Interactive or Engaged?

(This is a guest post by Valerie Merahn Simon. For more about Valerie, check out her bio at the end of this post.)

I recently came across a press release about a new social media initiative taken by a large restaurant chain. A highly regarded advertising agency was responsible for the successful initiative, which resulted in a growing Twitter following, significant Facebook fan base, and impressive number of YouTube views. The website now offers a wealth of information on everything from nutritional information to in-store specials and promotions, as well as various sweepstakes. There are interactive quizzes and games. It really did appear that the agency was executing a fully integrated communications effort.

Then I read a blog post by John Bernier, a marketing manager for Best Buy, responsible for leading a team of employees in launching Best Buy’s “Twelpforce,” and realized what was missing. Bernier notes that customer’s must take advantage of social media as an “opportunity to listen to the customer to provide them more of what they need, when they need it, where they want it.

Social Media is not simply an opportunity to pass information along and talk AT the customer, it’s an opportunity to engage and learn from your customers, and the marketplace. While the Best Buy website may not offer much in the way of sweepstakes or promotions, it offers many opportunities to engage and learn from customers; forums, the Geek Blog, IdeaX, ratings and reviews, and, of course the Twelpforce, offer customers the opportunity to make the most of Best Buy. And it allows Best Buy to make the most of its customers.

Advertising is an opportunity to create and communicate a message, to craft exciting and interesting ways to get the public to take note of the brand, in a manner in which the company would like it to be perceived. Public Relations is about developing the conversation between and about companies and the public; building relationships with the employees, customers and other targeted groups.

Social media provides a means for the consumer to voice opinions, and I believe the companies that will find the greatest success will understand the difference between interactive and conversational. While I very much agree that there are many lessons PR can learn about social media from advertising (see Dave’s earlier post ) and acknowledge that the ad agency designed campaign noted above certainly offered the client many benefits, the focus was on the restaurant, not the consumer. For a company to be most effective in its use of social media, it must offer customers the chance to take center stage.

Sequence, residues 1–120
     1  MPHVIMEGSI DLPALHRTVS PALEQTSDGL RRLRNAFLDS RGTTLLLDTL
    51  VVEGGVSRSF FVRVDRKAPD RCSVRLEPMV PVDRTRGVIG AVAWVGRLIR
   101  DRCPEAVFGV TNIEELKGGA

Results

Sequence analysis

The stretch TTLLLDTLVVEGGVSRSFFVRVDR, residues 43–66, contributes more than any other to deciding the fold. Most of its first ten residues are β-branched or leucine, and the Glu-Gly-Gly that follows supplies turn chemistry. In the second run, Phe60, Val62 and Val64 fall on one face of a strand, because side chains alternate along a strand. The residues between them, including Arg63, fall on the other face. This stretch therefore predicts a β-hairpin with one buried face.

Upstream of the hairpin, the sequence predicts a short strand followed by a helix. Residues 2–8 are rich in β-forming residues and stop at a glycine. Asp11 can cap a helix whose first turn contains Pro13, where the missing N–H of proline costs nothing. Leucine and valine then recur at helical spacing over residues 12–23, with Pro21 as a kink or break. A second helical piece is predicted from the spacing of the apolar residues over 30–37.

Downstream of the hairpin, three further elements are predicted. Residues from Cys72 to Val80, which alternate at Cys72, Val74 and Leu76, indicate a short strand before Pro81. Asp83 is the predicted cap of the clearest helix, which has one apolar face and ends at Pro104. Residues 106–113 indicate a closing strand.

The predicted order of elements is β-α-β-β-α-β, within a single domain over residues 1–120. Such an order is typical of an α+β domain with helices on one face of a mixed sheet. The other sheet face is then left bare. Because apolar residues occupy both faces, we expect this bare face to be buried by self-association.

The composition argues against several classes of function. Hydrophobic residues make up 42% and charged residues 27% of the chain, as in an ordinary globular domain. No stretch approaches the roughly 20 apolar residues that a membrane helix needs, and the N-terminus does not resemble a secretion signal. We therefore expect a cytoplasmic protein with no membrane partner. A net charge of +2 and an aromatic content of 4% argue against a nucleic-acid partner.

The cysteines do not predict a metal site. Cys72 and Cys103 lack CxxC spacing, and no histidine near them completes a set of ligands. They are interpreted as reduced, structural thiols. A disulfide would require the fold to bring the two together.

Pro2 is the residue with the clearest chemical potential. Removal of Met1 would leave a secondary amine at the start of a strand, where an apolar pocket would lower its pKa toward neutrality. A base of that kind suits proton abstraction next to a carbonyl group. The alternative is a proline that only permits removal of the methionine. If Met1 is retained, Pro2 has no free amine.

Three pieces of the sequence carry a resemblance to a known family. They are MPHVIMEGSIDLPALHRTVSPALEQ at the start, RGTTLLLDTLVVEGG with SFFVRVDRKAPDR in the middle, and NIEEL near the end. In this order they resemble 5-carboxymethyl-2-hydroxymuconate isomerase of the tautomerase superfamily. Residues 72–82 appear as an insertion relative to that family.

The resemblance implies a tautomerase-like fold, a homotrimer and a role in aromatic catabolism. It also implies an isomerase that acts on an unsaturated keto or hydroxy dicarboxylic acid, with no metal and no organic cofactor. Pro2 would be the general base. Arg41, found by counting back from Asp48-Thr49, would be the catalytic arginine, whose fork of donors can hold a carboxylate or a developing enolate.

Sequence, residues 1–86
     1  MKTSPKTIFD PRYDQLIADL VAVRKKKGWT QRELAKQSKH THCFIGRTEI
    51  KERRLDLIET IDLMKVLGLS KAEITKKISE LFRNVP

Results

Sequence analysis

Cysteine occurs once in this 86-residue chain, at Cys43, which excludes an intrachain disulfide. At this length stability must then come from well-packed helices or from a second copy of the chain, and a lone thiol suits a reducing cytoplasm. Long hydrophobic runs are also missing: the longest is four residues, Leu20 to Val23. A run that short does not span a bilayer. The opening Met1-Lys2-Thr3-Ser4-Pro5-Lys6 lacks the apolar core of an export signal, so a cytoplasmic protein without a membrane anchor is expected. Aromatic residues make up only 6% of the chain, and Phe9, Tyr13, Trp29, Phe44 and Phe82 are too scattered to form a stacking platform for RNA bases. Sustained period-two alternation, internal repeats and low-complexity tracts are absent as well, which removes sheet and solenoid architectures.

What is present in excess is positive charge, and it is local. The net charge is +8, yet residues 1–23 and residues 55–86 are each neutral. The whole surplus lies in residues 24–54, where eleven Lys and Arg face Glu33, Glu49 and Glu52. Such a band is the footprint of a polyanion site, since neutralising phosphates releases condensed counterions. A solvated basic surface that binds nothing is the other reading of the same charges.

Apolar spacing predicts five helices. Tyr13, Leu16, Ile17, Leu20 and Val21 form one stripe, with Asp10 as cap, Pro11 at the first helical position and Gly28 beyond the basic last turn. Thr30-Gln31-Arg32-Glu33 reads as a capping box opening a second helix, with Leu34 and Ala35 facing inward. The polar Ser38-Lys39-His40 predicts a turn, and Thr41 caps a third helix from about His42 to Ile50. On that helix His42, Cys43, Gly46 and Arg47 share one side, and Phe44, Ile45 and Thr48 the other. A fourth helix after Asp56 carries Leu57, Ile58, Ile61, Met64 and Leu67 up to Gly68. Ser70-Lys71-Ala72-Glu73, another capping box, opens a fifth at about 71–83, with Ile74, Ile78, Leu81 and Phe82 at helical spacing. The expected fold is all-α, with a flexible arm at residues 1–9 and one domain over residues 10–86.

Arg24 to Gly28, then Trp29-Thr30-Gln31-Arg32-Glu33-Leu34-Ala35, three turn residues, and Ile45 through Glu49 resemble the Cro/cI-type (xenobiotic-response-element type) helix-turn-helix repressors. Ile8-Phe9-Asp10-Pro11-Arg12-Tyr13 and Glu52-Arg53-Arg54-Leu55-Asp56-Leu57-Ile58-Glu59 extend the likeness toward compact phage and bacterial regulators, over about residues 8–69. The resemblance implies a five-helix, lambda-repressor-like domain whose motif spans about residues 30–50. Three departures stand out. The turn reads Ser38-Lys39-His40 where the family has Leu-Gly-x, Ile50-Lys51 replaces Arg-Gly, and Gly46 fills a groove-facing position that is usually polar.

Do you see the difference between customer interaction and engagement? If you were a marketing director, would you hire a PR Agency or an Advertising Agency to help develop and implement your social media strategy?

Valerie Merahn Simon serves as a Senior Vice President at BurrellesLuce media monitoring and measurement, and writes a national public relations column for examiner.com. She is also co-founder and host of #PRStudChat, a monthly twitter chat between PR professionals and students moderated by Deirdre Breakenridge. She can be found on Twitter or LinkedIn.

48 Responses toInteractive or Engaged?

  • It is frustrating because so many brands out there don’t understand the importance of social media, or if they do, don’t understand how to use it effectively. It seems to me that many brands just use it as another vehicle for advertising, only using bloggers or social sites to spread their message. Brands should try to understand the importance of opening the door and letting the people in to their business rather than yelling to them from an open window.